Most types of compost will be fine if you’re a generalist gardener. If you’re specifically used to using peat compost, you’ll find each has slightly different properties so investigate if one is better for specific gardening needs. Try looking for locally sourced peat-free compost.
If you’re just looking to suppress weeds, bark chippings will work better than a plant-based compost which focuses on providing nutrients. Or if you’re only looking to acidify your soil, use sulphur or sulphur-based treatments instead of peat. Check the exact material on the packaging rather than relying on terms like “environmentally-friendly” which can be vague.
More of a challenge is looking for plants grown in peat free compost, but it is possible and there are an increasing number of suppliers out there.
Your local garden centre will be able to help with specific queries on which option is best for your garden.
If you want to create your own compost heap, it’s easy to do. Start by collecting up a mixture of soft green materials and woody brown material, and put it into a compost pile. Over time you’ll see layers emerge as the pile matures, with a brown soil-like layer forming at the bottom which you can break up and use for planting.
All your organic kitchen waste can go in the compost too, as well as any compostable packaging including many papers and cardboards. Make sure that you’re not mixing up compostable and biodegradable products –biodegradable may just mean that the item breaks down into smaller pieces, which still leach into the environment.
Top tip: weed seeds won’t be killed unless the compost gets to over 65 degrees centigrade, so don’t throw your unwanted weeds onto the compost heap.
Simon Rose, WWT Centre Developments Manager
You can buy special containers, and additives, to speed up decomposition. But a simple pile can work just as well, with the bonus of providing a good shelter for all sorts of small animals. Turn your compost every few weeks to speed up the process, just watch out for any inhabitants!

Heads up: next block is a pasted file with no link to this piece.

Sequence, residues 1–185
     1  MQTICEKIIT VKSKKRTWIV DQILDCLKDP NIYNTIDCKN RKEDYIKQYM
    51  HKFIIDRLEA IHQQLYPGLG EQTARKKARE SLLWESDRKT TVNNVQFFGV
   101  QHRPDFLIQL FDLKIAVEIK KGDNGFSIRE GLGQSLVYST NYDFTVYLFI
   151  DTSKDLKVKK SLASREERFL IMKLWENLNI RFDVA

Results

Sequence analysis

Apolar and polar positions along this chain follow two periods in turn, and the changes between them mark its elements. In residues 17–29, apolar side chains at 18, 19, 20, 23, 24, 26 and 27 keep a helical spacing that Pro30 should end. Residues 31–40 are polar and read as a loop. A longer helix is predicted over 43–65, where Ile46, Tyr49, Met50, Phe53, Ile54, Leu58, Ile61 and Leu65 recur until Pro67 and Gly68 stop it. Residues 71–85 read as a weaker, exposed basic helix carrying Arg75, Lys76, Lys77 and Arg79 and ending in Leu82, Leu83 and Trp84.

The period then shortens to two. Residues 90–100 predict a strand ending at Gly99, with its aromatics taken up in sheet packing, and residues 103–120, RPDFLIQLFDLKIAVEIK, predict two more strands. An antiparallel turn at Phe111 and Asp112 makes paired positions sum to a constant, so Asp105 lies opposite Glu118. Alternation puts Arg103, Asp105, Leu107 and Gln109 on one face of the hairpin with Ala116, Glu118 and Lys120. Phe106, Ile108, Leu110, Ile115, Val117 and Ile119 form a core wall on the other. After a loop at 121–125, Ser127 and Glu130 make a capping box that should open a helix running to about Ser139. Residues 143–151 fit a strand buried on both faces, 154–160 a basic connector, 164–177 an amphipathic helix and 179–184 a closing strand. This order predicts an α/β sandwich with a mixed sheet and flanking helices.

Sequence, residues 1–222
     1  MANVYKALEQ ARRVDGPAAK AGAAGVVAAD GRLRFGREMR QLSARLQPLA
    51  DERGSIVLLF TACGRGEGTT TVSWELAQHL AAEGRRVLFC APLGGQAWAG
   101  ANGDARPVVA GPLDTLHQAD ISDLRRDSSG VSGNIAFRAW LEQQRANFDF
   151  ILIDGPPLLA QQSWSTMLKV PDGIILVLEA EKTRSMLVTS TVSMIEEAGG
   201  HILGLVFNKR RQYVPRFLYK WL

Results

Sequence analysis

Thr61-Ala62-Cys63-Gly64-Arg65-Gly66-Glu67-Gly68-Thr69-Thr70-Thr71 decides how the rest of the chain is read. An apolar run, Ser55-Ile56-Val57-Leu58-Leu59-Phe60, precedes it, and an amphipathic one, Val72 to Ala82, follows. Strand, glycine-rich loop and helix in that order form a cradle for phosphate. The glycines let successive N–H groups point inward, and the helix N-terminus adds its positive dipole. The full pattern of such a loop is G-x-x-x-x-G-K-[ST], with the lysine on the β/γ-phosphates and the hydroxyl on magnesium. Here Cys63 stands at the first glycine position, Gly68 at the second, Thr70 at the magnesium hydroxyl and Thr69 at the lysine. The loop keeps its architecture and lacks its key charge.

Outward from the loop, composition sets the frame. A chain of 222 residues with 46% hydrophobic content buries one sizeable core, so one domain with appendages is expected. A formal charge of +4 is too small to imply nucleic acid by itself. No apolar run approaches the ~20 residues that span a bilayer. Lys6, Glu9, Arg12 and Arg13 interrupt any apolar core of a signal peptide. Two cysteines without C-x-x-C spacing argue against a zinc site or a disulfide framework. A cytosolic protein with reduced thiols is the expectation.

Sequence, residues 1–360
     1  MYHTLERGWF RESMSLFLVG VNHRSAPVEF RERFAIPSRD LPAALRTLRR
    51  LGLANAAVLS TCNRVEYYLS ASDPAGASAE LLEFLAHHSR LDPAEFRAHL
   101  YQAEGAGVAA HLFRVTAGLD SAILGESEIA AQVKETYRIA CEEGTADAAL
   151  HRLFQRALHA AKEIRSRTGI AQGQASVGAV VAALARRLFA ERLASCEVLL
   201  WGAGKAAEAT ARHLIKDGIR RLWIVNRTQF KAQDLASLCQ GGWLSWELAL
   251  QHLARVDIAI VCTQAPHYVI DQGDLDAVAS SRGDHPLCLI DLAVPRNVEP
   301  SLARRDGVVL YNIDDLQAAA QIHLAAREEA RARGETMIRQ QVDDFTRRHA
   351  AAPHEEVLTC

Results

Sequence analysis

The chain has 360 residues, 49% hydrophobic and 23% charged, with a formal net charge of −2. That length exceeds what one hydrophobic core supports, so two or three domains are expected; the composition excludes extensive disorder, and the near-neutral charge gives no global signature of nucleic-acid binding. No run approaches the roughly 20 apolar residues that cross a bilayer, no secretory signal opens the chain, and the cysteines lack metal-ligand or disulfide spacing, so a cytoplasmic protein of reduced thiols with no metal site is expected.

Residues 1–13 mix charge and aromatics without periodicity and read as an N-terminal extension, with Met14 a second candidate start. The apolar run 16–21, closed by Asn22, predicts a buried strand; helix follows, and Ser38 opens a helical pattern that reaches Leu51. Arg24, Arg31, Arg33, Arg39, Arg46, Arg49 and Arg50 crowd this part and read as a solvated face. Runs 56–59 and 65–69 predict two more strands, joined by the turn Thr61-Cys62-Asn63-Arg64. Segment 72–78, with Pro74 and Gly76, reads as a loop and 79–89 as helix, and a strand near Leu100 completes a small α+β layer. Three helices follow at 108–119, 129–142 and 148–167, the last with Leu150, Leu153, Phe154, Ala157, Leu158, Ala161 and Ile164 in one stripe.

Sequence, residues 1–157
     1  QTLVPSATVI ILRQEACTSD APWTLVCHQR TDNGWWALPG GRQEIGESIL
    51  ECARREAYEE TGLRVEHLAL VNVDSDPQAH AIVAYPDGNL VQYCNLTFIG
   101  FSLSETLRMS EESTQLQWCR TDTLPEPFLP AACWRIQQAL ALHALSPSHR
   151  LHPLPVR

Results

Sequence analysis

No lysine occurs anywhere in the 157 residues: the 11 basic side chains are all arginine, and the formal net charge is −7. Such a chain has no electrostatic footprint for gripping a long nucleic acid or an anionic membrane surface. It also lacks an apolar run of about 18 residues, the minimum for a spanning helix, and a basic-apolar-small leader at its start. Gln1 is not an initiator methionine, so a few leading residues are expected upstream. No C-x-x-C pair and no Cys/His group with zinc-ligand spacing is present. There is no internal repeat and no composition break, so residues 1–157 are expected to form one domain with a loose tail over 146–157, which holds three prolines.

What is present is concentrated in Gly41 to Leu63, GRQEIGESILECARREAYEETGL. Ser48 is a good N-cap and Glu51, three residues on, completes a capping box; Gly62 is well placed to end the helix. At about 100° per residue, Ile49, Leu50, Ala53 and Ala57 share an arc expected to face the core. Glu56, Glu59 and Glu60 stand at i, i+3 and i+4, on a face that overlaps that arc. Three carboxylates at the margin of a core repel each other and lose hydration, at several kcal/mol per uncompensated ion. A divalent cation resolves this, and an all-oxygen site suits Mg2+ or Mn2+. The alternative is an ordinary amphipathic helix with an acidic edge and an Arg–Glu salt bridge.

You'll find fungi or weeds appearing in most home-made compost. This isn’t usually a problem unless you’re a more advanced grower. Be careful when disposing of unwanted plants in compost.
Most gardeners rake up leaves in their garden. Instead of burning them or taking them to the local dump, try making leaf mould instead. It's a brilliant natural soil conditioner and is good for potting, which is the main thing that peat is used for horticulturally.
Try storing leaves in a metal bin or reused bin-liner. Put small holes in the bottom and sides of the container to stop the leaves going slimy and add a little water if they're really dry. For the best quality leaf mould you will need to be patient and store your black bags for up to two years.
It’s only in recent decades that commercial peat-based compost
thas been available to gardeners at all. So why not try gardening without it? Let fallen plant matter decompose on your garden, rather than putting it in a sack or brown bin then mix it into your soil. If you need finer soil for seeds and young plants, sieve it to make it finer.
Some of the most intact fragments of a lowland peat ecosystem are preserved at WWT Martin Mere. It’s an important habitat for traditional Lancashire wildflowers such as the threatened whorled caraway, golden dock, and tubular water dropwort, as well as an important overwintering site for migratory birds such as pink-footed geese and whooper swans.
If you go to some of the edges of the Martin Mere reserve, it’s remarkable to see how the land drops down several meters to the surrounding farmland, where the peat had been degraded or lost.
Rob Shore, Head of Conservation Programmes
In 2011, the Government pledged to phase out the use of peat in garden products by 2020 and in commercial use by 2030. WWT have campaigned to keep these targets on track and support them by not using any peat products at our wetland reserves.